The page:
But this isn’t a complete solution; a shop’s card reader could be down, your payment gateway might charge fees, you may want to send money to someone not on the same banking network, you value your privacy, checking in with your bank every time gets annoying. So a form of digital cash would be nice too.

Bitcoin is a cryptocurrency: a thing on the Internet which lets you exchange unique digital objects. The objects would take approximately forever to fake; so if we assign the objects a value, we can exchange them in a manner something like we do money. It’s decentralised, so you can send money without having to go through a central clearing house.

Bitcoin’s transaction ledger, the blockchain, is touted as immutable: nobody can alter it without it being obvious that it was tampered with. The idea is that there’s no central control, anyone can run a Bitcoin node and be part of the network, nobody can block or reverse your transactions and you don’t have to take anyone’s word for the state of the system.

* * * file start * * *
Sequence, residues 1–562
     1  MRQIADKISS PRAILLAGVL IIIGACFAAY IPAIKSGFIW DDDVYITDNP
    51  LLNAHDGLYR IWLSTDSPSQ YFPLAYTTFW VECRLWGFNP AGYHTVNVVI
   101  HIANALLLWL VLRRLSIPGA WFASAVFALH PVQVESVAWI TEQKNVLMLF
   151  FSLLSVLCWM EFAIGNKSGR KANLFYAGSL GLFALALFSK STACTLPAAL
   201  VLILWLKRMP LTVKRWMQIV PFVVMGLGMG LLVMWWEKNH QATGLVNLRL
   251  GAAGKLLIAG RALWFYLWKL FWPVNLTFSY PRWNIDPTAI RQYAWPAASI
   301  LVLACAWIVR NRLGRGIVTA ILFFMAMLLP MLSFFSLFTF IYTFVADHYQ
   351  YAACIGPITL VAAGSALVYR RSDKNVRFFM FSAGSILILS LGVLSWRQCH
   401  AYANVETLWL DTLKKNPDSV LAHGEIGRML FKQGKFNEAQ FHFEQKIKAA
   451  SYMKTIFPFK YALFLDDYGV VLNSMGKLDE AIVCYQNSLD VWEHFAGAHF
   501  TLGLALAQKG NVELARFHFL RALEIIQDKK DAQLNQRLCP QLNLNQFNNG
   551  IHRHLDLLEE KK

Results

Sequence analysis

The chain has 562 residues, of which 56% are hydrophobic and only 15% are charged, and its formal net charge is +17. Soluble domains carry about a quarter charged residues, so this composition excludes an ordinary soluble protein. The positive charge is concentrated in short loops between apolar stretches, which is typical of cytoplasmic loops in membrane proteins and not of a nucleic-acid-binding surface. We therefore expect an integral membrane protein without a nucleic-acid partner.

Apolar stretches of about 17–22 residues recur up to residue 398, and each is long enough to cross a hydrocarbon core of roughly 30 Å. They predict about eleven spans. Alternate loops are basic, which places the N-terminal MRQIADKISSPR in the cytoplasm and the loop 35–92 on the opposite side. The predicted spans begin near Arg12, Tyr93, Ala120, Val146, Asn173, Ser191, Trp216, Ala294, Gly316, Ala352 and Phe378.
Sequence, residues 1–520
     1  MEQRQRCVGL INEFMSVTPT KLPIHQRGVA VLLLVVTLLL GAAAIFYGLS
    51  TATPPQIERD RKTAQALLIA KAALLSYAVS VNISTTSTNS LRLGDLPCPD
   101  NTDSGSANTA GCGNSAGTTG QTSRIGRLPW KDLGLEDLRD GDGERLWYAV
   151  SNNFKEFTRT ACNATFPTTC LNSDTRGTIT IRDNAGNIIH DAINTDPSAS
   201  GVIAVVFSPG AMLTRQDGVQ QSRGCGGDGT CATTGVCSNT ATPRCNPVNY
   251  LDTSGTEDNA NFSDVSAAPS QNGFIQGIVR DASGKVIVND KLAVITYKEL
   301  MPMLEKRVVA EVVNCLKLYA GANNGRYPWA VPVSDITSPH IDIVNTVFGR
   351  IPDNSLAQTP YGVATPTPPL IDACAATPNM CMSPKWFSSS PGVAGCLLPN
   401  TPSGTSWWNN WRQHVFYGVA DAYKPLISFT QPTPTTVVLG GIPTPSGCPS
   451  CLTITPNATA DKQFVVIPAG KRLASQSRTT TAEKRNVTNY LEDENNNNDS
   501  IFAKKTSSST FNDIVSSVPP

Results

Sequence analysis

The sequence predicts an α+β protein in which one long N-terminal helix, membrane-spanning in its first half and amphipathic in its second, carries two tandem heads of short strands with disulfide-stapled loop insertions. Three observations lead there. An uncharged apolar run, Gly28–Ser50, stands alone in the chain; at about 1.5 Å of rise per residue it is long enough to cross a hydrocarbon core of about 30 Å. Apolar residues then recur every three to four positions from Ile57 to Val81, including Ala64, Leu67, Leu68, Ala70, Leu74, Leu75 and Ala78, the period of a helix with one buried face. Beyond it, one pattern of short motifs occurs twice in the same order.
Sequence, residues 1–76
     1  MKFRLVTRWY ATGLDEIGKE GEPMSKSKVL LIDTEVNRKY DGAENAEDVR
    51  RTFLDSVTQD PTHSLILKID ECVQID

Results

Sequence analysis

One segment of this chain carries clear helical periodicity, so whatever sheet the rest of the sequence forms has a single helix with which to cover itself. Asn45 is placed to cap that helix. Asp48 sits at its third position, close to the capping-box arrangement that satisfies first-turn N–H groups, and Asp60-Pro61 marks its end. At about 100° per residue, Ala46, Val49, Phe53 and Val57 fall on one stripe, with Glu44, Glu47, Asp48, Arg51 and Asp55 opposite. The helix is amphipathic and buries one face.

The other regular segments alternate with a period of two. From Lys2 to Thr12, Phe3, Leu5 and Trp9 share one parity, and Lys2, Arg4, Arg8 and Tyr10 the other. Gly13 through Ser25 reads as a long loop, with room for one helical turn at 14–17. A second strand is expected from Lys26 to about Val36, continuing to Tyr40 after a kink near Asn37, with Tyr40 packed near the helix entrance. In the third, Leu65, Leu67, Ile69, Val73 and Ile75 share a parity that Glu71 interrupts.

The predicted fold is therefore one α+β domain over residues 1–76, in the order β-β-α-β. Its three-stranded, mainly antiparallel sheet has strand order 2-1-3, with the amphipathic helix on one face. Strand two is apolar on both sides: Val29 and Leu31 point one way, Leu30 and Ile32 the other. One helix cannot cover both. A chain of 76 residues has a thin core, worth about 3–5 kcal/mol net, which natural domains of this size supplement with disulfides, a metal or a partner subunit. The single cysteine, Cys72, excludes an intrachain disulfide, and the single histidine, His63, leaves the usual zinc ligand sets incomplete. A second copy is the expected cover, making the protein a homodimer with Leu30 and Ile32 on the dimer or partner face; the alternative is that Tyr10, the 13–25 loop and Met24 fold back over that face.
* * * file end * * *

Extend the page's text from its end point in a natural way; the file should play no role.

What you have when you have a bitcoin

You know what feels like money to you. You can earn it, you can spend it on all manner of things, you can save it for the future, you can invest it. It might be in a bank account with a card, or notes and coins in your pocket – it still feels like a pound or a dollar to you.

In practice, bitcoins are a bit like money in a bank account with a debit card, except without any sort of safety net – it’s all unregulated and uninsured, there’s no way to reverse a transaction, and there’s no customer service.